• May 1, 2015 5:46 pm

        I can’t understand why the even more massive subsidies for offshore wind are not being challenged in that case.

        (Paticularly since Austria is landlocked!!)

      • Pete from Austria permalink
        May 1, 2015 8:07 pm

        @Paul
        Not sure – I do atmospheric physics, not law. From the official statement I can only infer that the main points of the challange (mature technology, etc.) wouldn’t be applicable for minor sources (wind, biomass, ..). Additionally, it seems that the total amount of subsidies for that single plant can’t be stated as the UK plans to pay EDF the difference to a strike price. Also, I do believe that 92.59 GBP per MWh strike price for the next 35 years (!!) is rather unprecedented, considering most NPPs seem to manage to get by with half of that.

        I would be surprised though if the challange were successful ..

      • May 1, 2015 9:16 pm

        Offshore wind gets about £150/mwh

        But a subsidy is a subsidy, no matter how much or what for.

        Please ask your govt to challenge our ludicrous wind subsidies and then we might get lower power bills

      • RockySpears permalink
        May 14, 2015 8:06 am

        Can I just ask if we, the British tax payers, cannot ourselves oppose the subsidy to wind power?.
        If foreign governments can object to our use of Taxpayer £s, surely we can?

        Any one know?

    • Cider permalink
      May 31, 2015 1:15 pm

      because its in what they call the European union in which all states have a right to a view,,,,not like the US dictatorship!!!!!!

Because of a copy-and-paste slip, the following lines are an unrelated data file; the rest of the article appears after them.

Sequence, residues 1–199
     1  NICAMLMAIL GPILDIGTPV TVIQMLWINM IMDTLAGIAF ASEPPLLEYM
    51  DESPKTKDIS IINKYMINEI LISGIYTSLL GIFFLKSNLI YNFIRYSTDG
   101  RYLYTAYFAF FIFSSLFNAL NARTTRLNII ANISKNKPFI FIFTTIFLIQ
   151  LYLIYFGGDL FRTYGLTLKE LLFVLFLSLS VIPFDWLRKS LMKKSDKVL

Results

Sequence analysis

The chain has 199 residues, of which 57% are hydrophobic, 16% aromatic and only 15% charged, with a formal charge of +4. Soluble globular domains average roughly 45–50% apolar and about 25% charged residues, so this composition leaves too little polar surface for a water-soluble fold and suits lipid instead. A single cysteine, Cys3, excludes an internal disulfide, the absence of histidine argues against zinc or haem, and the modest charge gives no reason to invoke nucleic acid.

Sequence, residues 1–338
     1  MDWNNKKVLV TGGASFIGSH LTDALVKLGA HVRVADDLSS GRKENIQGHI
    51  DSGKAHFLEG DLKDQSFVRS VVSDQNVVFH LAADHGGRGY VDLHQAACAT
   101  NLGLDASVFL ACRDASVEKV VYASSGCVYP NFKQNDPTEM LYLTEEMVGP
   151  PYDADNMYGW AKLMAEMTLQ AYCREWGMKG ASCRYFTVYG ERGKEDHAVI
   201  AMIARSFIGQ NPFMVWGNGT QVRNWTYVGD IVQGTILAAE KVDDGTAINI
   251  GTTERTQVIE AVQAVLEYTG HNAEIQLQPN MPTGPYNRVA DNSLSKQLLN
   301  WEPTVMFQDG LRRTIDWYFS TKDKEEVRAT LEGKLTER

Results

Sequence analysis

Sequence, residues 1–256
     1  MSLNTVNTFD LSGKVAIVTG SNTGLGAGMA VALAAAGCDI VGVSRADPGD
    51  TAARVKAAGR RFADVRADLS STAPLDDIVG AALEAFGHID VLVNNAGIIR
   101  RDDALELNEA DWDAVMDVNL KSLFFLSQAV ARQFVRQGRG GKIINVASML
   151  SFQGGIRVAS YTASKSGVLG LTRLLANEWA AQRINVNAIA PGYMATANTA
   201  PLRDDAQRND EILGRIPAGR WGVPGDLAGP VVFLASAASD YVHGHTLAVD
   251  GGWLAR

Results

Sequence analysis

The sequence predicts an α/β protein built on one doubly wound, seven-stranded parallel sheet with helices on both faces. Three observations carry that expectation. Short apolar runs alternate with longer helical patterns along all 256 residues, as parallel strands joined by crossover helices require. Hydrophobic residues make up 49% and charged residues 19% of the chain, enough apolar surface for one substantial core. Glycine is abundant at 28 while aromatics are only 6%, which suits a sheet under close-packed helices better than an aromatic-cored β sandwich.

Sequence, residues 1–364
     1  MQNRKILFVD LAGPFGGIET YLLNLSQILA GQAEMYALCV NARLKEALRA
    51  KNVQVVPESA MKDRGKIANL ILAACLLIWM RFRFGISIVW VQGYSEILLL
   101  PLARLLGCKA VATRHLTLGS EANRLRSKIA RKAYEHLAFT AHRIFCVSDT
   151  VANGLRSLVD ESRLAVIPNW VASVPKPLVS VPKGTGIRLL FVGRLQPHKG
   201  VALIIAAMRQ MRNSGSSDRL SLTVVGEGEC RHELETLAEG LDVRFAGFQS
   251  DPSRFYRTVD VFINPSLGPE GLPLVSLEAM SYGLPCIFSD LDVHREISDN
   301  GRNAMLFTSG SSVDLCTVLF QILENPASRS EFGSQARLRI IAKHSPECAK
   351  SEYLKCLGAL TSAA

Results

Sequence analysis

4. John de Melle permalink
    April 30, 2015 3:24 pm

    The petition to leave the EU has reached the required number. Thus, perhaps, Austria will be the first to quit the EU.

    http://www.bvoltaire.fr/manuelgomez/et-si-lautriche-etait-le-premier-des-28-pays-quitter-leurope,173624

    Let us hope that UK follows.

  5. sonja Christiansen permalink
    April 30, 2015 8:14 pm

    are the Austrian acting as frontman for Germany? The roots of the anti-nuclear attitudes should be explored, and hence the behaviour of Merkel. Did she close nuclear to defeat the greens and get a SPD-CDU Coalition into power, as some say. The green movements in Germany were initially anti-nuclear with racial overtones even …. but then there is the hankering for autarchy….. Somebody should tell them that they can’t export to the world if the don’t buy from it, and energy remains a major import.

  6. Cider permalink
    May 31, 2015 1:11 pm

    This power station must not be built with public money full stop!!!! if it is to go ahead which the local people do not want anyway them EDF as owners must fund the bill themselves and when it is generating whatever the unit price is at the time that’s what they will get!!!! no subsidy,,,,as an x Hinkley worker I can tell you they make fantastic profits anyway part of my job was to convey daily manuscripts to all department heads etc,,,